Have a Love for Your Family:

Second only to her love for the Lord is her love for her family.  She and my father decided it was best for her to stay home with my brother and me until we were old enough to go to school.  After we started our formal education she went to work so as to help provide for the family economy.  No matter how hard she worked, she (and my father) was always there for all of me and my brother’s sporting events, which were many since I played 3 sports.  Not only was she there for sporting events, but for everything else in my life as well.  She always took a deep interest in the things of my life.  She would deny things that she might want to do so as to be able to provide for my brother, father, and I.  She loves her family, and she would do anything for us.  She is a beautiful example of what it means to love your family.

Have a Love for Your Local Church:

I cannot remember a time in my life when my parents were not active in serving within the church.  My mother taught Sunday school, directed the youth, taught the youngest of children in Mission Friends class, and as a family we would clean the church each week.  She believes in serving the Lord through serving the church.  Any time the doors of the church were open, our family was there.  This is something that she and my father have passed down to me as well.  I don’t just love the church because I am paid by it, but because it was instilled into me at a young age that if I was part of the bride of Christ, then I was to also serve her.  To this day my Mom serves her church faithfully, and I thank her for helping to place that desire in me.

Have a Sacrificial Heart:

As is true for many godly women, my mother is one who is willing to sacrifice her time, talent, and treasures for the sake of the Lord and her family.  Almost to a fault at times, my mother didn’t (and still does not) know how to say “no” when it came to helping others.  I have seen her out to all hours of the night preparing the church for a special service, or helping a person who was in need.  While she never neglected my father or us boys, she was always willing to sacrifice whatever was needed to bring glory to God and build the Kingdom.  Her sacrifice hasn’t gone unnoticed.  It is like her heart is simply shaped with this disposition, and for that I am grateful.

Have a Love for Godly Music:

The Lord blessed my family with a love for music.  All four of us enjoy(ed) singing and playing instruments.  Now while The Eagles or the Credence Clearwater Revival could sometimes be heard blaring from our windows, more often than not it was some type of Christian music.  One of my earliest memories is traveling with my parents and their Christian quartet, The Woodlandairs, to different churches on the weekends playing Southern Gospel Music.  While my taste for Southern Gospel Music has never been too great, singing some of the great hymns of our faith that my mother would often sing around the house and at church is deeply rooted in my being.  Both my father and my mother established in me a love for godly music, and while I strayed from it through much of my teen years, the memories of it never left me, and would once again captivate me in my 20’s and do still today.  A love for music, but more importantly music that honored God, is a gift and a life lesson my mother passed on to me that is invaluable.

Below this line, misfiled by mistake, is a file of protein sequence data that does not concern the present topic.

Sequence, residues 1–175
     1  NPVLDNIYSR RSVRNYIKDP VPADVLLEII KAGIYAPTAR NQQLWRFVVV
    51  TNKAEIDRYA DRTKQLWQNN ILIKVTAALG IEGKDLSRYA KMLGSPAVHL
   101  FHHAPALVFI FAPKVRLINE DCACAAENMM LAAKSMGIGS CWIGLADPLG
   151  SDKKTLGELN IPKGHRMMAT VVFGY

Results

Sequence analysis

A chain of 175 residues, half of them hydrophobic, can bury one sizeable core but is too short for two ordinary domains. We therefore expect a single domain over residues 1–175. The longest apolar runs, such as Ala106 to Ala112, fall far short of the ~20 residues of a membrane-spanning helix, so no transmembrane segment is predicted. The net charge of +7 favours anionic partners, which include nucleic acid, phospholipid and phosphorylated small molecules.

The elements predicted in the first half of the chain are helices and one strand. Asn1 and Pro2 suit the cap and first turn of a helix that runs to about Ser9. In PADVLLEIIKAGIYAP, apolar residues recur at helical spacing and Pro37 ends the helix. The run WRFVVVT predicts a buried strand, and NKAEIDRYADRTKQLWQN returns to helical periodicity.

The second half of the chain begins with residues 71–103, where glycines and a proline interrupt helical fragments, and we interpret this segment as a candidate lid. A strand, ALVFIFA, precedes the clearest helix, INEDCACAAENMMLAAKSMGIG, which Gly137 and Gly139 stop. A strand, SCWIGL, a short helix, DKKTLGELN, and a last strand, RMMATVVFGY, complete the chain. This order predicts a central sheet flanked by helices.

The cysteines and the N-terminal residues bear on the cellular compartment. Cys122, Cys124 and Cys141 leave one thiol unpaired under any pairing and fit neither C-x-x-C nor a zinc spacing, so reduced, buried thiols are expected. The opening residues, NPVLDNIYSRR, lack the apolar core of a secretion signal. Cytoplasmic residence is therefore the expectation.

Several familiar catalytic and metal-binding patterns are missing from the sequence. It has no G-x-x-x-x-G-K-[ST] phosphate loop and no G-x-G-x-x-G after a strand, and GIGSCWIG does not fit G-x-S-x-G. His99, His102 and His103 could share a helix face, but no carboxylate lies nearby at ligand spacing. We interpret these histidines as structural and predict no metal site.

While Mother’s Day is a special day when we remember our Moms, it is also a day to look back on the lessons that they have taught us.  I hope the Lord blesses me with another 30 years with my mother, however, if the Lord was to take her home today, she would leave me with enough of a legacy to last two life-times.  This list of lessons is not unique to my mother only I am sure, but how thankful I am that it is true of this woman that I will always simply just call “Mom”.  I thank the Lord for mothers who love the Lord so much that they have no greater job on earth than to pass that love on to their children.  Thank you mom for doing so with your children.

Soli Deo Gloria,

Adam B. Burrell

One of the highlights of my day is sitting around the family table with my wife and children for family worship.  Inevitably, something comes up two or three times a week and we miss it, but we have been in the practice since my wife and I have been married.  This last year we have started doing just a little something different that has seemed to enhance our worship time tremendously.  It is so simple, yet it has been revolutionary for our family.

I am a Bible teacher at heart.  I have often dreamt of teaching my children about theology, church history, and the wonders of our great God.  However, in my dreaming stage it is often geared toward the future and not the present.  All four of my children are under the age of seven and I have often thought that they are not ready for a study on hermeneutics (the science of interpreting the Bible) or systematic theology.  Yet, this last year, without even realizing we were doing it at first, that is exactly what has happened.  We have always asked questions at the end of the Bible reading, but we now ask three simple questions before we ever start reading the Bible.  These questions are the same questions every time.  They are so easy to answer that even my 2-year-old can answer them (after he has heard his older siblings answer them 50 times).

Here are the three questions that my wife and I ask my children, and I would like to encourage you to do the same and just see how the Lord uses it.

Who wrote this book of the Bible?